Take a pot of scalding water, remove all the oxygen, mix in a bit of poisonous carbon monoxide, and add a pinch of hydrogen gas. It sounds like a recipe for a witch's brew. It may be, but it is also the preferred environment for a microbe known as Carboxydothermus hydrogenoformans.
In a paper published in the November 27th issue of PLoS Genetics, a research team led by scientists at The Institute for Genomic Research (TIGR) report the determination and analysis of the complete genome sequence of this organism. Isolated from a hot spring on the Russian volcanic island of Kunashir, this microbe lives almost entirely on carbon monoxide. While consuming this normally poisonous gas, the microbe mixes it with water, producing hydrogen gas as waste.
As the world increasingly considers hydrogen as a potential biofuel, technology could benefit from having the genomes of such microbes. "C. hydrogenoformans is one of the fastest-growing microbes that can convert water and carbon monoxide to hydrogen," remarks TIGR evolutionary biologist Jonathan Eisen, senior author of the PLoS Genetics study. "So if you're interested in making clean fuels, this microbe makes an excellent starting point."
In sequencing the microbe's genome, Eisen and his collaborators discovered why C. hydrogenoformans grows more rapidly on carbon monoxide than other species: The bug boasts at least five different forms of a protein machine, dubbed carbon monoxide deyhydrogenase, that is able to manipulate the poisonous gas. Each form of the machine appears to allow the organism to use carbon monoxide in a different way. Most other organisms that live on carbon monoxide have only one form of this machine. In other words, while other organisms may have the equivalent of a modest mixing bowl to process their supper of carbon monoxide, this species has a veritable food processor, letting it gorge on a hot spring buffet all day.
"The findings show the continued value of microbial genome sequencing for exploring the useful capabilities of the vast realm of microbial life on Earth," says Ari Patrinos, director of the Office of Biological and Environmental Research, part of the U.S. Department of Energy's (DOE) Office of Science. DOE, which funded the study, is pursuing clean fuel technologies.
Little was known about this hydrogen-breathing organism before its genome sequence was determined. By utilizing computational analyses and comparison with the genomes of other organisms, the researchers have discovered several remarkable features. For example, the genome encodes a full suite of genes for making spores, a previously unknown talent of the microbe. Organisms that make spores have attracted great interest recently because this is a process found in the bacterium that causes anthrax. Sporulation allows anthrax to be used as a bioweopon because the spores are resistant to heat, radiation, and other treatments.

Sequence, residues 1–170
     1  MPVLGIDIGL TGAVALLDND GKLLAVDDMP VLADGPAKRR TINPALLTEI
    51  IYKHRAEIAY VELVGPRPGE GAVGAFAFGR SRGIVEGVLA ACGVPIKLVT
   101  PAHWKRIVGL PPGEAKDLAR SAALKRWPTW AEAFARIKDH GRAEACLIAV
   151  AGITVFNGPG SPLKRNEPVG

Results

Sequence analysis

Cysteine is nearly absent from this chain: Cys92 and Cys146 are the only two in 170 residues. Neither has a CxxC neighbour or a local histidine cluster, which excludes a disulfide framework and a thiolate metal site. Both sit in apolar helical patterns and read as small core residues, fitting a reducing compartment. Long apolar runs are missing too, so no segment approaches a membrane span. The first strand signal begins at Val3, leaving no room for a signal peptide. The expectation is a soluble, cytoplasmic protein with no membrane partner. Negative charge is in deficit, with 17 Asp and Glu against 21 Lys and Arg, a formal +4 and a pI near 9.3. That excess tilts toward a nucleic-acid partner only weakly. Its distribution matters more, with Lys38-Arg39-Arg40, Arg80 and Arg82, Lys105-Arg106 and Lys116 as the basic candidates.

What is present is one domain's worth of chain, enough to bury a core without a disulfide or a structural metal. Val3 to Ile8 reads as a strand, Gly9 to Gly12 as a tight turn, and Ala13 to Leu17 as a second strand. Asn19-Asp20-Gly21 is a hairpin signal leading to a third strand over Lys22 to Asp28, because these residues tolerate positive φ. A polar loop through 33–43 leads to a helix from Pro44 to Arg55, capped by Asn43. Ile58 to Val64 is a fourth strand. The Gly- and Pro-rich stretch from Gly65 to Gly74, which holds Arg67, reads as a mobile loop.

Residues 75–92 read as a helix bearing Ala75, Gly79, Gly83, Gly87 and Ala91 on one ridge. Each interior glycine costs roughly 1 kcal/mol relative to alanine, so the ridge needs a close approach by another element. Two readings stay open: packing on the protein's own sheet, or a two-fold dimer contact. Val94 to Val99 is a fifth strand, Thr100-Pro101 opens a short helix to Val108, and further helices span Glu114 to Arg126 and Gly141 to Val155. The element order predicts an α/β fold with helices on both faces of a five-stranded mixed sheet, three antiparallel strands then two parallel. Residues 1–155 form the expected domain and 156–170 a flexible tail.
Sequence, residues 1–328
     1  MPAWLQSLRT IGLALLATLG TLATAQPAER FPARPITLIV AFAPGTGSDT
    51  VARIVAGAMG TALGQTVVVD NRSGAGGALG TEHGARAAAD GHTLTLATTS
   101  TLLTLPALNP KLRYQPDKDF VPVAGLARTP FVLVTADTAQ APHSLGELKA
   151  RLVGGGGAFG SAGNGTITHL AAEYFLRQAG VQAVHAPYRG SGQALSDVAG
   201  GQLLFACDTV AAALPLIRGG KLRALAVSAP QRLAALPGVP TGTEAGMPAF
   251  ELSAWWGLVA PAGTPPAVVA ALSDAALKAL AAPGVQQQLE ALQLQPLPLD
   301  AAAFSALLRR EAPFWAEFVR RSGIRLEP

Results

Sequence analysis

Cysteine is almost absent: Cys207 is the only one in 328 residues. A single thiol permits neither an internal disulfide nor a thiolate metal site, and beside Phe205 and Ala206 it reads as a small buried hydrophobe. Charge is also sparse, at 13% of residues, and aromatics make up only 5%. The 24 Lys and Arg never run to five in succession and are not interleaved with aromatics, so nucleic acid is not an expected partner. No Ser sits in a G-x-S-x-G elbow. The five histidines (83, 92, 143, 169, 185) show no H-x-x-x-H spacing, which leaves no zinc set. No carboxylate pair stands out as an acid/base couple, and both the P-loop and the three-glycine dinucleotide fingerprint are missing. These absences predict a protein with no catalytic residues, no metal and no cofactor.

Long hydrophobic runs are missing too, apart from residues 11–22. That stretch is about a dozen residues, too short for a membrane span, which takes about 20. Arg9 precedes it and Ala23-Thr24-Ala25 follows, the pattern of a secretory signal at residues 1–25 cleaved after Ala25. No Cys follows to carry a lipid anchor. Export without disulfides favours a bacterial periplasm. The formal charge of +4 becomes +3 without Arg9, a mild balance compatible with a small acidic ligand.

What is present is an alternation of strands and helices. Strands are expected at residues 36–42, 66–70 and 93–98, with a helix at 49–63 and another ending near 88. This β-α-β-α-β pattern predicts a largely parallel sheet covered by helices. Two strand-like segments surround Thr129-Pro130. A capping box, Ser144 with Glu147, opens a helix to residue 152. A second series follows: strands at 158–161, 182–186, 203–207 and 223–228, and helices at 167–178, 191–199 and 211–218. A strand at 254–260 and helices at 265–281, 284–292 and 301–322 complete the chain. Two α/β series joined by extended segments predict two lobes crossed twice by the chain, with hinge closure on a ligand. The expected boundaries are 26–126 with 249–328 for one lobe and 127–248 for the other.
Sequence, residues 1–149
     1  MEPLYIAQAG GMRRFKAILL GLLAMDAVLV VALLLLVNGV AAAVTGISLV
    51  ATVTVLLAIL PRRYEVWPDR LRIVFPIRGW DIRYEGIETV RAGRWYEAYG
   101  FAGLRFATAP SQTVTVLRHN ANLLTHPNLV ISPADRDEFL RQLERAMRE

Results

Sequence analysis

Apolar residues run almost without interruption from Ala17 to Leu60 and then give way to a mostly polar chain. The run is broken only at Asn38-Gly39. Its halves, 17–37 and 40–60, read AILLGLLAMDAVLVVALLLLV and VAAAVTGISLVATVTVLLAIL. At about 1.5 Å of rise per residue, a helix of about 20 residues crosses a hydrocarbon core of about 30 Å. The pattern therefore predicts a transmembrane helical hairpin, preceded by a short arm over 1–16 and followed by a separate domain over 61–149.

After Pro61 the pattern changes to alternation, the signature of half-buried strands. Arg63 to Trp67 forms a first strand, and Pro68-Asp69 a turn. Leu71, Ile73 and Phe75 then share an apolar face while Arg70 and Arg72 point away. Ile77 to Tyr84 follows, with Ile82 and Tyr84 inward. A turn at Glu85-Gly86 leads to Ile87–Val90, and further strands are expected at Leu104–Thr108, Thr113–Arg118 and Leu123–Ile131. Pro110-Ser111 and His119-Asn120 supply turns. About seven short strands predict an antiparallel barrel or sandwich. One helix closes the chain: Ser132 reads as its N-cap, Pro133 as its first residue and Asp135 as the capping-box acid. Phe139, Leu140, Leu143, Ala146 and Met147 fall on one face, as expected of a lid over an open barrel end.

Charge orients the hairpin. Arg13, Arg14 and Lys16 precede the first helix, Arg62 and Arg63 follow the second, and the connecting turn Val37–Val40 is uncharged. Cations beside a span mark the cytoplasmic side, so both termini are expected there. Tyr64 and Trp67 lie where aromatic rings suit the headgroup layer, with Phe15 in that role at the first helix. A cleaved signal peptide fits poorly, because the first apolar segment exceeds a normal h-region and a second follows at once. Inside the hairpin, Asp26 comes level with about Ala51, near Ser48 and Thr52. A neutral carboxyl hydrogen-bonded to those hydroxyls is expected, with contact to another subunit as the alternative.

By comparing this genome to those of other spore-making species, including the anthrax pathogen, Eisen and colleagues identified what may be the minimal biochemical machinery necessary for any microbe to sporulate. Thus studies of this poison eating microbe may help us better understand the biology of the bacterium that causes anthrax.
Building off this work, TIGR scientists are leveraging the information from the genome of this organism to study the ecology of microbes living in diverse hot springs, such as those in Yellowstone National Park. They want to know what types of microbes are found in different hot springs--and why. To find out, the researchers are dipping into the hot springs of Yellowstone, Russia, and other far-flung locales, to isolate and decipher the genomes of microbes found there.
"What we want to have is a field guide for these microbes, like those available for birds and mammals," Eisen says. "Right now, we can't even answer simple questions. Do similar hot springs, a world apart, share similar microbes? How do microbes move between hot springs? Our new work will help us find out."
The Institute for Genomic Research is a not-for-profit center dedicated to deciphering and analyzing genomes. Since 1992, TIGR, based in Rockville, Md., has been a genomics leader, conducting research critical to medicine, agriculture, energy, the environment and biodefense.
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